Los Angeles Clippers

Southeast Notes: Griffin, Harris, Teague

The Magic were one of several teams to reach out to the Clippers about trading for Blake Griffin, reports Steve Kyler of Basketball Insiders, who writes in his NBA AM piece. They didn’t get very far, but a serious discussion nonetheless took place about the idea of sending three Magic players, including Tobias Harris, to L.A., sources told Kyler. The Sixers and Nuggets also reportedly spoke with the Clippers, who nonetheless aren’t interested in trading their star power forward, at least this season.

Here’s the latest from  the Southeast Division:

  • Orlando has reportedly expressed some degree of willingness to trade Harris, but the team would have to be blown away to pull the trigger on any deal involving the combo forward, Darren Wolfson of 1500 ESPN relays (on Twitter). Harris re-signed with the Magic for four years and $64MM in July.
  • The Sixers have contacted the Hawks to gauge the availability of point guards Jeff Teague and Dennis Schroder, Keith Pompey of The Philadelphia Inquirer reports. Philadelphia hasn’t made a trade offer yet and appears unlikely to make a serious push for either playmaker, according to Pompey’s sources. The players on the Sixers with the highest trade value are Nerlens Noel and Jahlil Okafor, but the team doesn’t want to deal either big man away until the health status of Joel Embiid is clearer, which isn’t likely to be until the offseason, Pompey adds.
  • The consensus among the teams that have contacted the Hawks regarding Teague and Al Horford is that any deal involving the duo would likely be a deadline day one, Chris Mannix of The Vertical at Yahoo Sports tweets. Atlanta’s asking price for either player is extremely high, which complicates any potential trade, Mannix adds.

Chuck Myron contributed to this post.

Austin Rivers To Miss 4 To 6 Weeks

WEDNESDAY, 10:41am: The Clippers are optimistic that Rivers will be back at the early end of the timetable because he doesn’t need surgery on the hand, coach/executive Doc Rivers said, according to Ben Bolch of the Los Angeles Times (Twitter link).

SUNDAY, 9:17am: Rivers’ left hand is fractured, Dan Woike of the OC Register confirms (Twitter link). Woike added that Rivers will be further evaluated on Monday.

SATURDAY, 10:14pm: Clippers combo guard Austin Rivers will be sidelined four to six weeks with a broken left hand, tweets Brian Windhorst of ESPN.com. Rivers suffered what the team called a hand contusion during Wednesday’s game and was a game-time decision for Friday’s contest before being held out.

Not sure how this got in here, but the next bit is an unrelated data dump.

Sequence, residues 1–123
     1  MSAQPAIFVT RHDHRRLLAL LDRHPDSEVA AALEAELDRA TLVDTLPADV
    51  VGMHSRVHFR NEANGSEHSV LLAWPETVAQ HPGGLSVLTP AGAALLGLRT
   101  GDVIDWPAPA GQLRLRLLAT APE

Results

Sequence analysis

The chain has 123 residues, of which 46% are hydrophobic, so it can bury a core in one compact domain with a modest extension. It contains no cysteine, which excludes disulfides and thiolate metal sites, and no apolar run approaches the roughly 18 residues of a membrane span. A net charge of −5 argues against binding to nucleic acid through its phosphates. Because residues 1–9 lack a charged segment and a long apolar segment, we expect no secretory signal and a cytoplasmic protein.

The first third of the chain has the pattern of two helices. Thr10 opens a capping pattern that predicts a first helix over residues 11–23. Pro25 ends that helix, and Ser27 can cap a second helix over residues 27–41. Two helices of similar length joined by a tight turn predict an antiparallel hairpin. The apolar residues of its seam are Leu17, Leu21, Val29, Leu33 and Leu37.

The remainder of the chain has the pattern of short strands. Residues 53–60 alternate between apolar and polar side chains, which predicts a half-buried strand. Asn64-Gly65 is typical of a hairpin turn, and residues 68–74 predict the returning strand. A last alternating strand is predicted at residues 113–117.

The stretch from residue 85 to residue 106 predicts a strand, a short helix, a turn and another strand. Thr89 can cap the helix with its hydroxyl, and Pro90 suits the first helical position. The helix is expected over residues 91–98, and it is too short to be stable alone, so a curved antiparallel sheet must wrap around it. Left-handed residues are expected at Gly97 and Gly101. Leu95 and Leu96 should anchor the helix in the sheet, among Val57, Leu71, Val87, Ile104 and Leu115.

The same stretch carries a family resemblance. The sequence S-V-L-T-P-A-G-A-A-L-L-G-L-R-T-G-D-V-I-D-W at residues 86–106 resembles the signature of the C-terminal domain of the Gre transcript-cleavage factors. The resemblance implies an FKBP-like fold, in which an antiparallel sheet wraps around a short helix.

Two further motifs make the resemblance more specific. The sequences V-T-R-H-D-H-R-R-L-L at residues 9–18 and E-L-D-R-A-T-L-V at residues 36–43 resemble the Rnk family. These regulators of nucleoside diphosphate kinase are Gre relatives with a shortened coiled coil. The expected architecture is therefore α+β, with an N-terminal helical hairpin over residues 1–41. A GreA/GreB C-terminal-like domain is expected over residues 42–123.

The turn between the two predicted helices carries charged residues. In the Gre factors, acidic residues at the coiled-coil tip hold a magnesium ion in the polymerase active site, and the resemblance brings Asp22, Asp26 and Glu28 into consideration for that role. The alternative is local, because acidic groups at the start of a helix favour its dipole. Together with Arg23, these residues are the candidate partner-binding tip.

“I went into the lane, and something, either an elbow or something, hit me just dead in the middle of my hand,” Rivers told Rowan Kavner of NBA.com. “I just got a bad bone bruise, swelling around it.”

The Rivers injury is the latest blow to a team that is already missing star forward Blake Griffin with a broken hand. Rivers has averaged 8.1 points in 46 games this season, mostly in a back-up role. His loss could mean more playing time for Lance Stephenson, who has struggled for minutes until recently.

Pacific Notes: Karl, Griffin, Cousins, Watson

The fast pace of the Kings under George Karl has perturbed players and management, and concerns exist over the effect of the two-time cancer survivor’s health on his ability to coach, according to Sam Amick of USA Today. It’s hard for players to hear Karl, who endured neck and throat cancer while with the Nuggets, over the din of NBA arenas, Amick writes. Owner Vivek Ranadive reportedly hired Karl in part to run an up-tempo offense, so it’s odd to see pace become an issue. Still, the Kings have apparently committed to keeping Karl, in spite of reports that they planned to fire him.

“If they let George do his job and coach this team like he’s done in the past, they will get what they are both always seeking, respectability as a team and organization,” Karl’s agent, Warren Legarie, said in a statement to Marc J. Spears of Yahoo Sports (Twitter link).

See more on the always-entertaining Kings amid the latest from the Pacific Division:

  • Blake Griffin has been suspended for four games without pay and fined him the equivalent of a fifth game check for reportedly hitting assistant equipment manager Mathias Testi, an incident that left Griffin with a broken right hand, as Dan Woike of the Orange County Register reported and the Clippers shortly thereafter confirmed (Twitter links). It’s officially a team suspension, Amick reports (Twitter link), so the Clippers won’t reap any tax savings as they would have if it were an NBA suspension. The team suspension also allows the Clippers some leeway in determining whether it’ll start before or after Griffin is fully recovered from his hand injury, as Eric Pincus of the Los Angeles Times points out (on Twitter), though the team has no plan to do so, Woike relays (via Twitter).
  • The Kings still aren’t seriously considering any DeMarcus Cousins trade before the deadline, but they’re expected to decide soon whether to use the months after the deadline to “lay the groundwork” for a later trade of the star big man, writes Sean Deveney of The Sporting News. That process could take a while, Deveney writes, pointing to Minnesota’s months-long effort to find a suitable Kevin Love deal in 2014.